Microsoft hasn’t been content with merely revealing a new tablet, the Surface, this week, and has also gone ahead and unveiled the next version of its mobile OS, which is expected out towards the end of the year.
Windows Phone 8 will employ the same kernel, networking, security, file systems and core architecture as Windows 8 itself, knitting the world of smartphones, tablets and computers more tightly together.
End users will be able to enjoy the familiarity of the same Metro style apps and interface across all their devices, and developers will be able to program apps across those devices with a minimum of effort.
Windows Phone 8 also opens up the doors on the hardware front for the handsets which carry Microsoft’s OS, and as we’ve previously noted, it will allow for devices with multi-core processors.
Sharper screen resolutions are also supported – 1280×768 and 1280×720 – the latter of course being 720p high definition.
Windows Phone 8 also brings with it NFC wireless sharing, so you can tap to transfer a document, for example, and further support for extra storage space in the form of microSD cards.
The OS will also boast Internet Explorer 10, and a digital wallet, along with improved mapping and navigation features. Finally, WP8 will have a new start screen with much increased customisation options (with three sizes of Live tiles, for example).
However, as we expected, current owners of Windows Phone 7.5 handsets won’t be able to upgrade to Windows Phone 8, as the older hardware isn’t powerful enough to handle the new incarnation of the OS.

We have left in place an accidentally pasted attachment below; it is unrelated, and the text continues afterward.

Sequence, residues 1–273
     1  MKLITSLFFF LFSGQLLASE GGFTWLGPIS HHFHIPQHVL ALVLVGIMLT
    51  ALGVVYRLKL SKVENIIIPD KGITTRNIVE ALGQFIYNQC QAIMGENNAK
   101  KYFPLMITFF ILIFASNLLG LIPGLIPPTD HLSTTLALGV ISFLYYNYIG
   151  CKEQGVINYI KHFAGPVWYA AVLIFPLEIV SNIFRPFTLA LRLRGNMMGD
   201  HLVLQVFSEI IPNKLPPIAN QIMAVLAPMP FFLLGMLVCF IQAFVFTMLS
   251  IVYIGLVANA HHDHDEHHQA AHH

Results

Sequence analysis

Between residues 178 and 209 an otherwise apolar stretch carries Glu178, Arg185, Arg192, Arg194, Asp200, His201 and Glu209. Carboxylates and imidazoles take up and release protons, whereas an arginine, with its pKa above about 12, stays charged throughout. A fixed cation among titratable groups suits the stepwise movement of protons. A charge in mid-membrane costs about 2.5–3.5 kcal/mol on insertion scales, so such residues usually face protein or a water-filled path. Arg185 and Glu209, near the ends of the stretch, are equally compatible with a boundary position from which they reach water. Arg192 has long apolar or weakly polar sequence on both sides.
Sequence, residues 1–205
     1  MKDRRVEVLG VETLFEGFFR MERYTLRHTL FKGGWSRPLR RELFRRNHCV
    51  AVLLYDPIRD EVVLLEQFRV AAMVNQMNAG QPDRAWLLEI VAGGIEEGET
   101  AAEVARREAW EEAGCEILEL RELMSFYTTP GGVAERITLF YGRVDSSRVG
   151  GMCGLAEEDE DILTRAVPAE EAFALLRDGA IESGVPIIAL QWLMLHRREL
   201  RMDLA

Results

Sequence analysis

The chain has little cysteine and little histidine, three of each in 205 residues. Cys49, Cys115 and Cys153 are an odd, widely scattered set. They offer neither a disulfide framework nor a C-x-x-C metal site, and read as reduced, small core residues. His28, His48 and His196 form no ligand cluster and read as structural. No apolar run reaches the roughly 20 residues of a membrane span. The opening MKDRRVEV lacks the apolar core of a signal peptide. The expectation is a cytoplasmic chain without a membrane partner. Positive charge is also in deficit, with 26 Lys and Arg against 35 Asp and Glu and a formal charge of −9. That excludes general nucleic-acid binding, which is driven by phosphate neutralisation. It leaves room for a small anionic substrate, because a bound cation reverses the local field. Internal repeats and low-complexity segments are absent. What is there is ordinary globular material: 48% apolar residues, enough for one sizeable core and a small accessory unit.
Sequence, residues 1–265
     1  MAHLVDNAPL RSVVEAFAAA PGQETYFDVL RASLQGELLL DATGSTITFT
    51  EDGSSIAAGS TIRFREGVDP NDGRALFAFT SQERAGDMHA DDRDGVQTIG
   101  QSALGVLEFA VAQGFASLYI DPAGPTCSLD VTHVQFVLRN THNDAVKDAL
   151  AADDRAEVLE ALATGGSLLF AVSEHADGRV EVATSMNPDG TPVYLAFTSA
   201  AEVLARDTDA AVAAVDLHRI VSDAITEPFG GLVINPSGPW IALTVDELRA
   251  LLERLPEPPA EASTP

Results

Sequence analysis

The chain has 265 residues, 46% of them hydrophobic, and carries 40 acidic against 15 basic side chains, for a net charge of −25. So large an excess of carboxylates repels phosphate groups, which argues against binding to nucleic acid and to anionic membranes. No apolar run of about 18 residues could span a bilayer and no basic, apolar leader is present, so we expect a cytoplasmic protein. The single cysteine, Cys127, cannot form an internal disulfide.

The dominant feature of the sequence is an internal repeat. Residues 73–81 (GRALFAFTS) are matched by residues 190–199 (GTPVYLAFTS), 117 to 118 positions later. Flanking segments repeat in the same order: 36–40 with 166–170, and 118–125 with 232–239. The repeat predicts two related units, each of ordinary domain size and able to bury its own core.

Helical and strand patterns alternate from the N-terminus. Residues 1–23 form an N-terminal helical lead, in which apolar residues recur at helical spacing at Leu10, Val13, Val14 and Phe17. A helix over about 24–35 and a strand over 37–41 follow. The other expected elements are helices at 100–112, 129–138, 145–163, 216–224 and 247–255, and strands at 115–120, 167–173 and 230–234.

Instead, for these users, Microsoft is producing Windows Phone 7.8, which comes with the new start screen, and will be deployed following Windows Phone 8′s release.
On the Windows Phone blog, Joe Belfiore wrote: “Windows Phone 8 is a generation shift in technology, which means that it will not run on existing hardware. BUT we care deeply about our existing customers and want to keep their phones fresh, so we’re providing the new Start screen in this new update.”
It isn’t clear whether Microsoft will be pushing other features across aside from the start screen, but it doesn’t seem like that will be the case. And there are certainly some unhappy punters out there who have just bought a Windows Phone 7.5 handset, and are now scratching their heads as to why they didn’t wait for Windows Phone 8 devices to emerge later this year.
Indeed, will Microsoft’s OS shift many handsets now, given this development, until WP8 emerges? We guess carriers will now be discounting heavily on the current hardware, though, so that might help shift some units.